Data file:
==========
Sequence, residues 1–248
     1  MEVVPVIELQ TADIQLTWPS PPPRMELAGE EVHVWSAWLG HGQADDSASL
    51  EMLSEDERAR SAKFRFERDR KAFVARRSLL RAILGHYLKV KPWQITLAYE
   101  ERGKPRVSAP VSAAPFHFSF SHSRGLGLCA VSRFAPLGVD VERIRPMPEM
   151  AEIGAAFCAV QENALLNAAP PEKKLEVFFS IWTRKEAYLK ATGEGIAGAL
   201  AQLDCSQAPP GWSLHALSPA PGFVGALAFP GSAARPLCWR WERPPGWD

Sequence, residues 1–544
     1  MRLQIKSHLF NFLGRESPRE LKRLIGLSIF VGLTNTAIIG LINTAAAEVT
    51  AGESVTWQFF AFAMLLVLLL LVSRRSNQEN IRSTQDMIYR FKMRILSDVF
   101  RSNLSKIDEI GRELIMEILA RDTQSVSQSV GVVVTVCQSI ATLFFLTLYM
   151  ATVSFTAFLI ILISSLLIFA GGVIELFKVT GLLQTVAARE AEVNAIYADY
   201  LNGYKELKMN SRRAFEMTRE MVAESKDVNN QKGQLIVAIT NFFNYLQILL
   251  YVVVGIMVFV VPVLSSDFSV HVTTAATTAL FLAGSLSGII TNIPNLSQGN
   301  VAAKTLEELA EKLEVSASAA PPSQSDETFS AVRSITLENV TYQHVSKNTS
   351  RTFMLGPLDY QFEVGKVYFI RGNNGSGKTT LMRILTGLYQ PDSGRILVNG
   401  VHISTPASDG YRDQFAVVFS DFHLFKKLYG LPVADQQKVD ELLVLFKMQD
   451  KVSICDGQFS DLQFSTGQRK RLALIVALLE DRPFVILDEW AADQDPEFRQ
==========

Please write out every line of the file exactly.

Sequence, residues 1–248
     1  MEVVPVIELQ TADIQLTWPS PPPRMELAGE EVHVWSAWLG HGQADDSASL
    51  EMLSEDERAR SAKFRFERDR KAFVARRSLL RAILGHYLKV KPWQITLAYE
   101  ERGKPRVSAP VSAAPFHFSF SHSRGLGLCA VSRFAPLGVD VERIRPMPEM
   151  AEIGAAFCAV QENALLNAAP PEKKLEVFFS IWTRKEAYLK ATGEGIAGAL
   201  AQLDCSQAPP GWSLHALSPA PGFVGALAFP GSAARPLCWR WERPPGWD

Sequence, residues 1–544
     1  MRLQIKSHLF NFLGRESPRE LKRLIGLSIF VGLTNTAIIG LINTAAAEVT
    51  AGESVTWQFF AFAMLLVLLL LVSRRSNQEN IRSTQDMIYR FKMRILSDVF
   101  RSNLSKIDEI GRELIMEILA RDTQSVSQSV GVVVTVCQSI ATLFFLTLYM
   151  ATVSFTAFLI ILISSLLIFA GGVIELFKVT GLLQTVAARE AEVNAIYADY
   201  LNGYKELKMN SRRAFEMTRE MVAESKDVNN QKGQLIVAIT NFFNYLQILL
   251  YVVVGIMVFV VPVLSSDFSV HVTTAATTAL FLAGSLSGII TNIPNLSQGN
   301  VAAKTLEELA EKLEVSASAA PPSQSDETFS AVRSITLENV TYQHVSKNTS
   351  RTFMLGPLDY QFEVGKVYFI RGNNGSGKTT LMRILTGLYQ PDSGRILVNG
   401  VHISTPASDG YRDQFAVVFS DFHLFKKLYG LPVADQQKVD ELLVLFKMQD
   451  KVSICDGQFS DLQFSTGQRK RLALIVALLE DRPFVILDEW AADQDPEFRQ